Daily Devotional – The Beatitudes by Thomas Watson Part LVI

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Image Depicting Jesus’ Sermon on the Mount

The Beatitudes

by Thomas Watson

An Exposition of Matthew 5:1-12 

“Blessed are the pure in heart, for they shall see God.” (v.8)

Blessed are the poor in spirit, for theirs is the kingdom of heaven.”
“Blessed are those who mourn, for they shall be comforted.”
Blessed are the meek, for they shall inherit the earth.”
“Blessed are those who hunger and thirst for righteousness, for they shall be satisfied.”
“Blessed are the merciful, for they shall receive mercy.”
“Blessed are the pure in heart, for they shall see God.”
“Blessed are the peacemakers, for they shall be called sons of God.”
“Blessed are those who are persecuted, for theirs is the kingdom of heaven”

Heart Purity

Let us put ourselves on TRIAL whether we are pure-hearted or not. Here I shall show the signs of an impure heart; and then, signs of a pure heart.

II. I shall next show you the signs of a PURE heart. Continued

4. A pure heart avoids the appearance of evil. ‘Abstain from all appearance of evil’ (1 Thessalonians 5:22). A pure heart avoids that which may be interpreted as evil. He who is loyal to his prince, not only forbears to have his hand in treason—but he takes heed of that which has an appearance of treason. A gracious heart is shy of that which looks like sin. When Joseph’s mistress took hold of him and said, ‘Lie with me!’—he left his garment in her hand and fled from her (Genesis 39:12). He avoided the appearance of evil. He would not be seen in her company. Thus a pure heart avoids whatever may have the suspicion of sin:

[1] A pure heart avoids the suspicion of sin—in regard of HIMSELF, and that two ways.
First, because the appearance of evil is oftentimes an occasion of evil. Dalliance is an appearance of evil, and many times occasions evil. Had Joseph been familiar with his mistress in a wanton sporting manner, he might in time have been drawn to commit immorality with her. Some out of novelty and curiosity have gone to hear mass, and afterwards have lent the idol not only their ear—but their knee! There are many who have gone with itching ears to hear false teachers, and have come home with the plague in their head! When Dinah would be gadding about, she lost her chastity (Genesis 34:2). A pure heart foreseeing the danger avoids the appearance of evil. It is dangerous to go near a hornet’s nest. The men who went near the furnace were burned (Daniel 3:22).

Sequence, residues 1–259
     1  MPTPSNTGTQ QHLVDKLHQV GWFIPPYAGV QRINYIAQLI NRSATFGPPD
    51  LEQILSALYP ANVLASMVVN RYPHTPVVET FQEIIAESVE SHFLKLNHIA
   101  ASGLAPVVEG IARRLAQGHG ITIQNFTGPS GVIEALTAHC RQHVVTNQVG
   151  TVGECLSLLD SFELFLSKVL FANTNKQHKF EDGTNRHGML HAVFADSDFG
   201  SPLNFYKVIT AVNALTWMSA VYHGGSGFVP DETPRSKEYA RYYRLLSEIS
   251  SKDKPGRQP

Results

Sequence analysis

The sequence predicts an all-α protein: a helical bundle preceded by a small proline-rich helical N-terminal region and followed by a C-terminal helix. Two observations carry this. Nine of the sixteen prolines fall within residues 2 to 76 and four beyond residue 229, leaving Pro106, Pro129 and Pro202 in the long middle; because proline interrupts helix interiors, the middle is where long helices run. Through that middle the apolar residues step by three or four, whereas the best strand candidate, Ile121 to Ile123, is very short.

Second, because the appearance of evil may eclipse his good name. A good name is a precious ointment. It is better than ‘fine gold’ (Proverbs 22:1). It commends us to God and angels, which riches cannot do. Now a godly man avoids the appearance of evil—lest he wounds his good name. What comfort can there be of life, when the name lies buried?

[2] A pure heart avoids the suspicion of sin—out of reverence and respect to the holiness of GOD. God hates the very appearance of evil. God abhors hypocrites because they have no more than the appearance of good—and he is angry with his children if they have so much as the appearance of evil. A gracious heart knows God is a jealous God and cannot endure that his people should border upon sin. Therefore he keeps aloof from sin, and will not come near the smell of infection.

[3] A pure heart avoids the very appearance of sin—in regard of the GODLY. The appearance of evil may scandalize a weak brother. A gracious heart is not only fearful lest he should defile his own conscience—but lest he should offend his brother’s conscience. Were it only an indifferent thing—yet if it is an appearance of evil and may grieve another—we are to forbear (1 Corinthians 10:25-28). For ‘when we sin against the brethren and wound their weak conscience, we sin against Christ’ (1 Corinthians 8:12). The weak Christian is a member of Christ. Therefore the sinning against a member—is a sinning against Christ.